Suppliers, however, said that despite competing with these attractive qualities, hardwood remains a viable part of the retail floor because whether consumers choose solid or engineered wood, they are ultimately choosing a product that adds value to the home. It all comes down, they said, to communicating these inherent hardwood benefits to the consumer.

“Each product — whether it’s wood, laminate, LVT (luxury vinyl tile), resilient or porcelain — has its place in the market. In the end, it’s a consumer’s decision about which product suits their lifestyle and budget best, and consumer studies continue to show that wood is the most preferred flooring type throughout most of the home,” said Dan Natkin, senior vice president of hardwood and laminate, Mannington Mills.

Natkin also added that while laminate is frequently positioned as a good alternative for those looking for an entry-level builder grade product, the retail side of the business doesn’t see that exchange happening as much.

“We have to be careful when communicating that these products are taking share because it’s not occurring as much in remodel as it is in builder,” he said.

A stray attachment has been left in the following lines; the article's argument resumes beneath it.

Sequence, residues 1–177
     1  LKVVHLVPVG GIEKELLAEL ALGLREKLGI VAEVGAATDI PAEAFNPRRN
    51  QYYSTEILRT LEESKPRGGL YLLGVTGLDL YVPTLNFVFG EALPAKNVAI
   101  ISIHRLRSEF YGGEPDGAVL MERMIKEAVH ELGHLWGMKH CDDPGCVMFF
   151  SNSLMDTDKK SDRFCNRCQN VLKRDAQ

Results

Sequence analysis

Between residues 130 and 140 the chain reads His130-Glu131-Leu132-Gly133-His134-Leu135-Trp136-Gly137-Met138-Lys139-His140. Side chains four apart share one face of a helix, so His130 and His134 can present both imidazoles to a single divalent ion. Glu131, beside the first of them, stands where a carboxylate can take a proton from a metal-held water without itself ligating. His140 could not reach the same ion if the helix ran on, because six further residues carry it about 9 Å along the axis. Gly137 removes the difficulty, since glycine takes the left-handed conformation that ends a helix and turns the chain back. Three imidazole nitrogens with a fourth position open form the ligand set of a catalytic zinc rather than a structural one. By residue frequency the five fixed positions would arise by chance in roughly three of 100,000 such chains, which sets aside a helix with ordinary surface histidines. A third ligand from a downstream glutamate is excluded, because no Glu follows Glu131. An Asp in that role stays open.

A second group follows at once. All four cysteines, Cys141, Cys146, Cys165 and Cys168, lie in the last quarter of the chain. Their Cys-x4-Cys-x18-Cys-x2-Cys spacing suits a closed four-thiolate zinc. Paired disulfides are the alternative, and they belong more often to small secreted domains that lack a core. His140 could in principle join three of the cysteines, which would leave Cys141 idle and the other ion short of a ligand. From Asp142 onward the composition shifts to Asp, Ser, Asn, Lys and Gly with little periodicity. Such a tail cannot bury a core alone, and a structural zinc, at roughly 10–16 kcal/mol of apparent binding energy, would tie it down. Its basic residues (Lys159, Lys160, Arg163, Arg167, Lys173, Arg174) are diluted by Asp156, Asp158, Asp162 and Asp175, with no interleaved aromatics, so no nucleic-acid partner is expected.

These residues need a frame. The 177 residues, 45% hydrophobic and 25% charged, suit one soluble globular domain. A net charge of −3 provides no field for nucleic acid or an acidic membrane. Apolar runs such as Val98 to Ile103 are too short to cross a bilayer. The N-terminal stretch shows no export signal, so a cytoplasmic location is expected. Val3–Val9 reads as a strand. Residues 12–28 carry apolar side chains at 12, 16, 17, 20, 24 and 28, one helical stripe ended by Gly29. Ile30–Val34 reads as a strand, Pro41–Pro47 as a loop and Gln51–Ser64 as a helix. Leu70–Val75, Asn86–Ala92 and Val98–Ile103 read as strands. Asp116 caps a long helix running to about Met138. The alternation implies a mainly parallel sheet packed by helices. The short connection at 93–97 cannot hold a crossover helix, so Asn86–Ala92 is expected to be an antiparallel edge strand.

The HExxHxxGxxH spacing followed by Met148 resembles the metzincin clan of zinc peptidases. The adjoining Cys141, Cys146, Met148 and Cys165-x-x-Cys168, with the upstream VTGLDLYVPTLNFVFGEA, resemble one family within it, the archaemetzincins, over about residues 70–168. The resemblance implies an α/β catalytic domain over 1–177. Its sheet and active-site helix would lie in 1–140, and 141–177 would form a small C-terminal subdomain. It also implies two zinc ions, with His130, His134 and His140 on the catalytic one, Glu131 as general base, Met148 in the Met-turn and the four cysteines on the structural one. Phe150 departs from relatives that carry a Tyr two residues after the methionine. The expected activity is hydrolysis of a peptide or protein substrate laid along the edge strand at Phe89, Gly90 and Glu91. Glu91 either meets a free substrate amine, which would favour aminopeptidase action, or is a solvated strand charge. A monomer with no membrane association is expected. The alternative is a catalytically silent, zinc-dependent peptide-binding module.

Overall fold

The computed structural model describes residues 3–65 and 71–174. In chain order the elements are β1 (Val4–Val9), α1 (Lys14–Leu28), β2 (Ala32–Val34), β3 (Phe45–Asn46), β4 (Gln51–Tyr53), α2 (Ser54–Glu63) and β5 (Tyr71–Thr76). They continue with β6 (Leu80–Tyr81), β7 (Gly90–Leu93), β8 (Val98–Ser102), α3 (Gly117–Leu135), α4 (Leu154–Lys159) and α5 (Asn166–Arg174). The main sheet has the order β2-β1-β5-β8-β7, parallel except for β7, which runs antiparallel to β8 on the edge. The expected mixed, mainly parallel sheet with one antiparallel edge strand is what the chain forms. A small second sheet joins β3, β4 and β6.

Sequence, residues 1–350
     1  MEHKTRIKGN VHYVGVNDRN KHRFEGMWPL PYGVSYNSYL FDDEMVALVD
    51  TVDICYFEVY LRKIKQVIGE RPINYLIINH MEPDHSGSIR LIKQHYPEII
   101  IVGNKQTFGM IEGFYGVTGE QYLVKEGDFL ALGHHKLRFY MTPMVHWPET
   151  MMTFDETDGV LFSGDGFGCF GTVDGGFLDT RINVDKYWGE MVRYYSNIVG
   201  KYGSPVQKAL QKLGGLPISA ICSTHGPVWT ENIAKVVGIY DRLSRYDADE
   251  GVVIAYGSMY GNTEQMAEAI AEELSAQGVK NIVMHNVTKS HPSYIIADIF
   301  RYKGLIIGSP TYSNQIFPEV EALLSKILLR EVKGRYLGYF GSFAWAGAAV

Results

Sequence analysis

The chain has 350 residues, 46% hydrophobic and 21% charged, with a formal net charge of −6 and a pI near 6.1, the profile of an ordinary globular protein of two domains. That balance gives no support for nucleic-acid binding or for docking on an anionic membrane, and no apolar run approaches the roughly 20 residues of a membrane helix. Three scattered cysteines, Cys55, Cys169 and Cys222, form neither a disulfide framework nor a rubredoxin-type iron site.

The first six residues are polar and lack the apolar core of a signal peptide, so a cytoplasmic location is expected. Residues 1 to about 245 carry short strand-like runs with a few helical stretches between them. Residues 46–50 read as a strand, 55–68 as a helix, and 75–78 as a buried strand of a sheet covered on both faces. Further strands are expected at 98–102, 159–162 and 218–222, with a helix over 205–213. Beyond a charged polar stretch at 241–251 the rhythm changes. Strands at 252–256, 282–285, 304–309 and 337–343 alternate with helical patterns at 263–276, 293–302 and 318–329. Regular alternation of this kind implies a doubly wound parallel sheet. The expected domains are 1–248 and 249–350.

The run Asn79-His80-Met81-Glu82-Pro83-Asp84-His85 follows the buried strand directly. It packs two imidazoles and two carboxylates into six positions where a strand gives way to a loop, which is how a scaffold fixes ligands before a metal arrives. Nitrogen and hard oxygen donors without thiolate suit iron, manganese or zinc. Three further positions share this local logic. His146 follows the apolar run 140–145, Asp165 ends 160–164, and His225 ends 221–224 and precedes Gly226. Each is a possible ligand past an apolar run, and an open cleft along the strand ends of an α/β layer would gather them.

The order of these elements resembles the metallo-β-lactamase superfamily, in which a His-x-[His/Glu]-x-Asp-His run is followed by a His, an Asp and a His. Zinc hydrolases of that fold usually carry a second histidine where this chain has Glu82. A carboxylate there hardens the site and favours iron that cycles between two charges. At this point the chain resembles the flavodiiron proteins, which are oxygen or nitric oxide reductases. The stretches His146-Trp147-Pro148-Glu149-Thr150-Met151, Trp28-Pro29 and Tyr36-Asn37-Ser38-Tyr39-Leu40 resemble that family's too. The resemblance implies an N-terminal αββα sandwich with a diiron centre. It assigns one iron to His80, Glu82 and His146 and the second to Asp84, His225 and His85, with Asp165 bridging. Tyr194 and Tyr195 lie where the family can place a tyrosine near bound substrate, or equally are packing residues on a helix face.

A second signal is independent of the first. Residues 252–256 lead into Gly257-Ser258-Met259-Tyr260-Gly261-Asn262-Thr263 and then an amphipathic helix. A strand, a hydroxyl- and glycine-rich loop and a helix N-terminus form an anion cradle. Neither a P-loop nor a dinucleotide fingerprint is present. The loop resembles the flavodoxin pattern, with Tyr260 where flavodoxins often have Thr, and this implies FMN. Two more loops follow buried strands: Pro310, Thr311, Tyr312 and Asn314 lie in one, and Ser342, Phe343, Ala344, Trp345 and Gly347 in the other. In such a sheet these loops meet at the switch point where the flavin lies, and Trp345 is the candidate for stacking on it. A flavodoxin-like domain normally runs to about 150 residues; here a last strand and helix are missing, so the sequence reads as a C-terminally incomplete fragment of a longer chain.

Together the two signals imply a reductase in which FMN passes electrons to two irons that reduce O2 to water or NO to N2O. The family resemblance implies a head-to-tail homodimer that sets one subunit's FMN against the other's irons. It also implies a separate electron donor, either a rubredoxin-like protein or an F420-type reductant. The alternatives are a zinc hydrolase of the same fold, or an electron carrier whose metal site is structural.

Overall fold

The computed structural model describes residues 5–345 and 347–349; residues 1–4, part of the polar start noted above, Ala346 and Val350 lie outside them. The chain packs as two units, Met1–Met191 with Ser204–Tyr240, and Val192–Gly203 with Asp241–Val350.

In addition, new technology has allowed hardwood to be installed just as easily as any other hard surface floor covering. Locking systems being one example, according to Brad Williams, vice president of sales and marketing for Boa Franc (makers of the Mirage brand).

“This technology requires no glue, nails or staples and it can even be moved and reused. All the virtues of hardwood floors will give consumers peace of mind that their investment is protected,” he said.

Don Finkell, CEO of American OEM, also pointed to certain technical limitations that come with lookalike products. “With ceramic, for instance, there’s a limitation for how big you can go with the plank because it’ll break, but there doesn’t exist the same technical limitations on how wide and long you can go with an engineered hardwood plank,” he explained.

As far as waterproof capabilities go, Mannington’s Natkin said the industry may be focusing too much on that.

“How often does a floor actually flood? Most floors will survive perfectly well under the occasional spill. Waterproof is only necessary if you have regular standing water,” he offered.